I'm trying to build a character that does damage by dropping on people. (It's a baleen whale with grafted wings.) I was reading the SRD on falling damage and it has this very confusing line about falling objects:

For each 200 pounds of an object’s weight, the object deals 1d6 points of damage, provided it falls at least 10 feet. Distance also comes into play, adding an additional 1d6 points of damage for every 10-foot increment it falls beyond the first (to a maximum of 20d6 points of damage).

Is the total falling damage limited to 20d6 or just the falling damage from height (which would make more sense since falling damage is limited because of terminal velocity)?

  • \$\begingroup\$ Out of curiosity, how will the character drop on a foe when a creature can't end its movement in an occupied square? \$\endgroup\$ Jun 10, 2015 at 15:22
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    \$\begingroup\$ The game thinks employing such a tactic requires taking a feat: Crush (Savage Species 31). Apparently, this is more difficult in D&D than we imagine. \$\endgroup\$ Jun 10, 2015 at 17:14
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    \$\begingroup\$ Don't you also take that damage, hitting the ground? \$\endgroup\$
    – Zachiel
    Jun 10, 2015 at 17:18
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    \$\begingroup\$ Because the game often makes such distinctions, has the DM already ruled that falling creatures obey the rules for falling objects? (I'm honestly not trying to siphon all of the fun from the build! Really! I do, however, suggest seriously that this build be workshopped on a forum.) \$\endgroup\$ Jun 10, 2015 at 17:33
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    \$\begingroup\$ @Zachiel Creatures only take falling damage from height (in this case 10 feet) and not from weight \$\endgroup\$ Jun 10, 2015 at 20:15

2 Answers 2


No, it's only limited to 20D6 by height alone.

The only part that indicates there is a maximum on damage is the distance portion. As it says:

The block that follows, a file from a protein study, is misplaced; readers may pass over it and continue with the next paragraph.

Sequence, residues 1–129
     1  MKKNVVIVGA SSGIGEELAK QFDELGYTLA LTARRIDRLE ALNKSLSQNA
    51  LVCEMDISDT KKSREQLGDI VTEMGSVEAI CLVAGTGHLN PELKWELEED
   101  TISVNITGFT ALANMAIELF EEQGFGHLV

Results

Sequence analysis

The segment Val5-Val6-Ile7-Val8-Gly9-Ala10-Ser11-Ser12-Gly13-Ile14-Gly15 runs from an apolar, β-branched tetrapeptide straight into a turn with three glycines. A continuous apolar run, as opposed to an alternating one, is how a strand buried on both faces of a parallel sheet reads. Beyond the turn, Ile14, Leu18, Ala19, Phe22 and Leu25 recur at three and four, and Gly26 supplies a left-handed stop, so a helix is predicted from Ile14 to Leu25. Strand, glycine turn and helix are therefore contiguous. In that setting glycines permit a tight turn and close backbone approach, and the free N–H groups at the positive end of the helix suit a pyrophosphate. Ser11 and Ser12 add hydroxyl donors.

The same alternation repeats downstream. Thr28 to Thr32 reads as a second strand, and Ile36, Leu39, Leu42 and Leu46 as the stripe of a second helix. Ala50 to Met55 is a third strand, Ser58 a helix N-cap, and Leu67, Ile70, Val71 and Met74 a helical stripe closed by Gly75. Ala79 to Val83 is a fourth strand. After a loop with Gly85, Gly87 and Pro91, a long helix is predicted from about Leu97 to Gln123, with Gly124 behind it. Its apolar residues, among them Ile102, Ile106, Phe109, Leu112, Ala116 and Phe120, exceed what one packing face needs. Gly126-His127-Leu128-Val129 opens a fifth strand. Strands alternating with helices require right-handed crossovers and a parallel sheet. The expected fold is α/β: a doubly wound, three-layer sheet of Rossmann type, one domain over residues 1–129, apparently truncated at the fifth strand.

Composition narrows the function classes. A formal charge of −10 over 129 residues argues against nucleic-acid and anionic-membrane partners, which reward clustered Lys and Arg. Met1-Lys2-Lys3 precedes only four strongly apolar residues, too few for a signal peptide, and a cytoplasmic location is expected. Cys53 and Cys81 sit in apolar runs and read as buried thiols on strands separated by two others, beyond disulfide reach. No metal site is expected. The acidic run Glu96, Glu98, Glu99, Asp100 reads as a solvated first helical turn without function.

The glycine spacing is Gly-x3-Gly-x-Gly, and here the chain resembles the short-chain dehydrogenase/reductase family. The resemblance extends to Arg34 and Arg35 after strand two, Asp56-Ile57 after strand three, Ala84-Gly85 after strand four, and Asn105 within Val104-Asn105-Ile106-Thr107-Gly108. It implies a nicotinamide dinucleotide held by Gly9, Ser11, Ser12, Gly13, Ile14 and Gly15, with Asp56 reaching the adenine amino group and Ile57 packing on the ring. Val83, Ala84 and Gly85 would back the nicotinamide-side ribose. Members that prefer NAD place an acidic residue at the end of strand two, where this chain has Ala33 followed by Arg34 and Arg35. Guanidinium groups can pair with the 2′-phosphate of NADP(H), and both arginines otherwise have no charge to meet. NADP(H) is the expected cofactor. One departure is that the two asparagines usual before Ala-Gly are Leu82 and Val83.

Distance also comes into play, adding an additional 1d6 points of damage for every >10-foot increment it falls beyond the first (to a maximum of 20d6 points of damage)

So by that, the formula is simply:

(Weight / 200 lbs * 1d6) + {[(height/10 * 1d6) - 1d6] must be <= 20d6} = damage

So for his character at 16 tons, he would do 160d6 damage at 10 feet. The formula would read:

Weight = 16 tons (or 32,000 pounds) / 200 = 160 * 1d6 = 160d6 Height = (10/10 * 1d6) - 1d6 = 0d6

So at 10 feet, he would do 160d6 damage.

At 20 feet, he would start adding the height damage to his total.

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    \$\begingroup\$ It is therefore a decent idea to drop on most enemies from no more than nine feet above the ground. \$\endgroup\$
    – GMJoe
    Jun 11, 2015 at 0:57
  • \$\begingroup\$ To cause damage you need to drop from at least 10 feet. The rules accept no damage from falling less than 10 feet on the target. By this, rolling over an enemy with a whales body would cause no damage to everyone, unless an attack defines it so in the creatures stat block—if RAW overcomes common sense. \$\endgroup\$ Mar 12, 2021 at 14:58

The total damage is

(weight/200 lbs)d6 + (height/10 ft. − 1)d6

except that the (height/10 ft. − 1) factor is limited to a maximum of 20. The (weight/200 lbs) factor is not limited, so the overall damage can increase without bound as weight increases.

We know this because the

(to a maximum of 20d6 points of damage)

parenthetical is specifically included in the sentence about height. A limit on the total would be indicated by a separate sentence referring to the total. This limit also mimics the 20d6 maximum on the damage taken by a falling object or creature, and both 20d6 limits seem to be the implementation of terminal velocity (and, roughly speaking, it successfully implements a reasonable abstraction for that).

My character weighs 16 tons

Then the damage is

(32,000 lbs / 200 lbs)d6 + (height/10 ft. − 1)d6

160d6 + (height/10 ft. − 1)d6

And at 210 ft., the maximum, the damage is

160d6 + (210 ft./10 ft. − 1)d6

160d6 + (21 − 1)d6


Which has an expected value of 630 damage. Sizable, but not ludicrous. These same rules are abused by the so-called “war hulking hurler,” who combines the hulking hurler and war hulk prestige classes, and has strength enough to throw moons and planets. Those do deal ludicrous damage. And also serves as a fine example of why these are broken rules that probably should not be used as the cornerstone of a character’s tactics. They do not work very well.


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